Both formally and informally Rebecca advised me with my studies and future career interests. She always is interested in helping students achieve their best in their studies and with their careers after graduation. Rebecca has an extensive knowledge of conducting qualitative research and I am incredibly grateful of how she shares that knowledge with students to train them in qualitative research methods in the graduate anthropology program. I learned invaluable skills from her course that I am still using today. Additionally, along with my other thesis committee members, Rebecca gave me feedback in order to complete and transform my master’s thesis into a final product I was very proud of. What is especially outstanding about Rebecca as a teacher is her positive and supportive attitude towards students. She makes students want to achieve their best and encourages them to develop confidence in their own abilities. Rebecca wrote a wonderful letter of recommendation for me, which helped me to obtain my current Fulbright Scholarship (Student, MA Applied Anthropology, Class of 2017).

I have known Professor Rebecca Robertson since my first semester at HSU, at that time she was instructing us in data analysis. During my internship, Professor Robertson assisted me by reviewing, critiquing and assisting me in designing professional survey questions and in analyzing the data after. Ultimately Professor Robertson became my thesis advisor and I communicated with her on a regular basis for a year. She helped me organize my time so that I could complete sections of my thesis in a timely manner. She also was very supportive in helping me see where sections of my thesis were deficient either in content or writing. And, a number of times she helped me to not become overwhelmed during the final weeks of editing (Student, MA Applied Anthropology, class of 2017).

Cal Poly Humboldt undergraduate Anthropology and M.A. Applied Anthropology graduate students at the 2018 American Anthropological Association (AAA) annual meetings (six of these students presented their research)

Presenting their work publicly, whether online or at professional conferences, provides students the opportunity to develop valuable communication, technical, and professional skills.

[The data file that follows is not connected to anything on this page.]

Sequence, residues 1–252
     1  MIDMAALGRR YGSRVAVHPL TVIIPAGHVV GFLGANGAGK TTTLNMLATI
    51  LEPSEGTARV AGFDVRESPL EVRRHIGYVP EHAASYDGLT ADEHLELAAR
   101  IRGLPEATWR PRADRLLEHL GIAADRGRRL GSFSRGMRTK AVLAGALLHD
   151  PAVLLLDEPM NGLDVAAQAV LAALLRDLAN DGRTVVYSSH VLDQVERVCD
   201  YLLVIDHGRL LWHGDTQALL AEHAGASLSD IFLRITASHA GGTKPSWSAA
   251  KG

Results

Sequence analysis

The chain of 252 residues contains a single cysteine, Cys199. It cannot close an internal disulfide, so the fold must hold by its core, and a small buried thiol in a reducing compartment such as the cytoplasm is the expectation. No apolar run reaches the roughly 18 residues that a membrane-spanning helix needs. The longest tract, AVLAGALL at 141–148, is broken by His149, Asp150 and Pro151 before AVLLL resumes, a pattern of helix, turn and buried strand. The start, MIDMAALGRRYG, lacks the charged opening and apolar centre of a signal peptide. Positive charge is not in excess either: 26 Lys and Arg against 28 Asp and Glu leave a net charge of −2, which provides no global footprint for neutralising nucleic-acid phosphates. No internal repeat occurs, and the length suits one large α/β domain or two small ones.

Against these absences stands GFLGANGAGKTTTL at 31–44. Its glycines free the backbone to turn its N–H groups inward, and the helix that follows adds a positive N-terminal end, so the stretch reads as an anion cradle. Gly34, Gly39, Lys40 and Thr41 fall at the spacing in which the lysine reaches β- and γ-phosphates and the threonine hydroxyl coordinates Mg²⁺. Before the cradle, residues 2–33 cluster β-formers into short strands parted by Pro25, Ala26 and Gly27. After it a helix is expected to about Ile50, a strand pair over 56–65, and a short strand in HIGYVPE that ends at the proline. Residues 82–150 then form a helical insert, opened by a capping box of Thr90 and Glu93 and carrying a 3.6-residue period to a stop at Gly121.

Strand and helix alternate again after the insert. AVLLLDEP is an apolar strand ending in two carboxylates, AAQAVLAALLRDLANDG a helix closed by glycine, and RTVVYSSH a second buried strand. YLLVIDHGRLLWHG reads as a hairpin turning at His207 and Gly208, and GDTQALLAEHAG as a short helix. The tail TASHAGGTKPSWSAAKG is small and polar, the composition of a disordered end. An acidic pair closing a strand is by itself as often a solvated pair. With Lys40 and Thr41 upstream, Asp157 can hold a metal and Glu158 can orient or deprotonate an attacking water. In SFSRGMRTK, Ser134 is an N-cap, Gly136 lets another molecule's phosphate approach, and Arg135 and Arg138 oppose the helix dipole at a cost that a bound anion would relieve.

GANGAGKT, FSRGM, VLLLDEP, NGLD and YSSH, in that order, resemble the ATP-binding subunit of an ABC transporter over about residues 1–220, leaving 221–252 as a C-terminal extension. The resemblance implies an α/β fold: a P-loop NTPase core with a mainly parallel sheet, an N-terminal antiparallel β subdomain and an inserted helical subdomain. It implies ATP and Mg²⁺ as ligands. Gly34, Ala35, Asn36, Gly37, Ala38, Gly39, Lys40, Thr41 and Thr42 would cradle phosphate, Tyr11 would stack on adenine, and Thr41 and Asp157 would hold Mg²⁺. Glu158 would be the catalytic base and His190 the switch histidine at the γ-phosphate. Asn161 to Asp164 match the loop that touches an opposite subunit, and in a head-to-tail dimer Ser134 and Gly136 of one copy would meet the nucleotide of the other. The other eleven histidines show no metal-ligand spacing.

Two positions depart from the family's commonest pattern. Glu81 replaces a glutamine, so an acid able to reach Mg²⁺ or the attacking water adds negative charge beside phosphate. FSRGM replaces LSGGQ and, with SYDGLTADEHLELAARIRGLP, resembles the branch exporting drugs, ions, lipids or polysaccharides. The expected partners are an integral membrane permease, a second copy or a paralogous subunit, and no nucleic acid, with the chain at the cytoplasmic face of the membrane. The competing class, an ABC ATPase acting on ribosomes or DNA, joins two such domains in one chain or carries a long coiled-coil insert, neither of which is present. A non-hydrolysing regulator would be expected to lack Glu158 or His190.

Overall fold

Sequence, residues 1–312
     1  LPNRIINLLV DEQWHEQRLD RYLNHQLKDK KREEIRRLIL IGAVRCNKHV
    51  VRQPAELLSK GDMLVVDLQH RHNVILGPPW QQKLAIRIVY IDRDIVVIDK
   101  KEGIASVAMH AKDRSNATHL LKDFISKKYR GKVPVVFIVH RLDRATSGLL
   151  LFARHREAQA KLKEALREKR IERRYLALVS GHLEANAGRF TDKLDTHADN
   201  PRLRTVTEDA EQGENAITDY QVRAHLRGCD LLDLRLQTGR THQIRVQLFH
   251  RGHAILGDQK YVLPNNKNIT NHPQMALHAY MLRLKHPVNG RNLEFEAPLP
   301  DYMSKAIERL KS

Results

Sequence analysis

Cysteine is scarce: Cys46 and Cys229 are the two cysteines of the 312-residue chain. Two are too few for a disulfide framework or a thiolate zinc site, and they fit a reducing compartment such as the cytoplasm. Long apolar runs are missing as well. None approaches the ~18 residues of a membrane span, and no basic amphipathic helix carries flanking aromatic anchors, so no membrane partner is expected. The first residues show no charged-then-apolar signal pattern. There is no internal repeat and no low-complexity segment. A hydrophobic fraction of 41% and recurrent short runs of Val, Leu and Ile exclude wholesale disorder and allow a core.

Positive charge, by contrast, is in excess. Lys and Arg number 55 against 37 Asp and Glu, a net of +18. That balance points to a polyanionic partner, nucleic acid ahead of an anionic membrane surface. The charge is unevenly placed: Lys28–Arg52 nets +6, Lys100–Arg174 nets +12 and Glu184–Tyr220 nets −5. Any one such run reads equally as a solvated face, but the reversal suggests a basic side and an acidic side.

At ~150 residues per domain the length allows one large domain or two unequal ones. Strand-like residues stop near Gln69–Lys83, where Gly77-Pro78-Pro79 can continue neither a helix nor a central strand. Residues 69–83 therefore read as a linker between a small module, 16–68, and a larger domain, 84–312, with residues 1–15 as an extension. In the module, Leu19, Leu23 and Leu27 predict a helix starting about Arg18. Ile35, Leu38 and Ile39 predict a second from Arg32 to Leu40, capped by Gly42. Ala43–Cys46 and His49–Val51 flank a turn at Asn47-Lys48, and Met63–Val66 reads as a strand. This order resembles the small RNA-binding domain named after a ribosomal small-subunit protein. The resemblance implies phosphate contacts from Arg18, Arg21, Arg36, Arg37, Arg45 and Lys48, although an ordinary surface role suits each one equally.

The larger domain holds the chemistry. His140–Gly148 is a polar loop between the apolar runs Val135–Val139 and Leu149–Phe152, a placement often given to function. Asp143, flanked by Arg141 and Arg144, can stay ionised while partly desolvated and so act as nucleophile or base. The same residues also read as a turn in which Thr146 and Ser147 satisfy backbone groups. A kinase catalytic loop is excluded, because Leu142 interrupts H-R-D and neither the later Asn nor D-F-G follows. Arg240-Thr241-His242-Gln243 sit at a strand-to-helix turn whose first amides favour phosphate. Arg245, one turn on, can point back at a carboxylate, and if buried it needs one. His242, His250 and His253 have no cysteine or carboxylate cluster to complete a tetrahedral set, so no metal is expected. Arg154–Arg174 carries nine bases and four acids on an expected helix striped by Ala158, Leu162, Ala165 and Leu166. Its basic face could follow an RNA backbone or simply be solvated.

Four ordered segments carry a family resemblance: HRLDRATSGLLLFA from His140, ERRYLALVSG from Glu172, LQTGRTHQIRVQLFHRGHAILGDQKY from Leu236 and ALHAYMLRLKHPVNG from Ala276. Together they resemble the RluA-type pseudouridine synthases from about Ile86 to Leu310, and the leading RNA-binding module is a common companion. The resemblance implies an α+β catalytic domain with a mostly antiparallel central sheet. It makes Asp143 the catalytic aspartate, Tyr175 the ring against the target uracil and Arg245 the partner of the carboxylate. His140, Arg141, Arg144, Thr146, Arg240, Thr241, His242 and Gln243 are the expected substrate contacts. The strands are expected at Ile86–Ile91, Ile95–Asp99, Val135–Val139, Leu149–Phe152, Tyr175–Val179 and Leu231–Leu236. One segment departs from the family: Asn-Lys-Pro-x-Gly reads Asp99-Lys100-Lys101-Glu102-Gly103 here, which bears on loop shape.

With the encouragement, guidance, and professional skill advancement that I have personally received from Rebecca, I was able to grow my 10-week monograph into an ongoing 1-year research project. Since then, I have presented my research not only on campus at Ideafest in April 2018, but also at the Anthropological Association of America annual meeting this past November in San Jose, CA. With her continued guidance, I will be presenting a paper at the international Pop-Culture Association annual meeting in Washington D.C. this April (Student, BA Anthropology, class of 2020).

In November, I had the opportunity to present research at the American Anthropological Association’s annual conference in San Jose, California. In the months leading up to the conference, I was able to take advantage of the collaboration space that Rebecca established. She has created a research lab and community room where students can feel supported by their fellow peers and herself. Often times, she would pop her head out of her office to assist with my presentation or work with me through my ideas. Her commitment to my success resulted in a strong presentation. Not only did I feel her support while in the lab, but also at my presentation in San Jose. She attended the panel session, along with my fellow peers from Humboldt State University, to show her support for the work I had completed. My peers and I were able to attend her panel presentation regarding student activism. This presentation demonstrated Rebecca’s commitment to innovative scholarship and social justice. Her work displayed important issues that are happening on campuses across the country, and utilized technology to enhance how anthropologists conduct ethnographies (Student, BA Anthropology, class of 2019).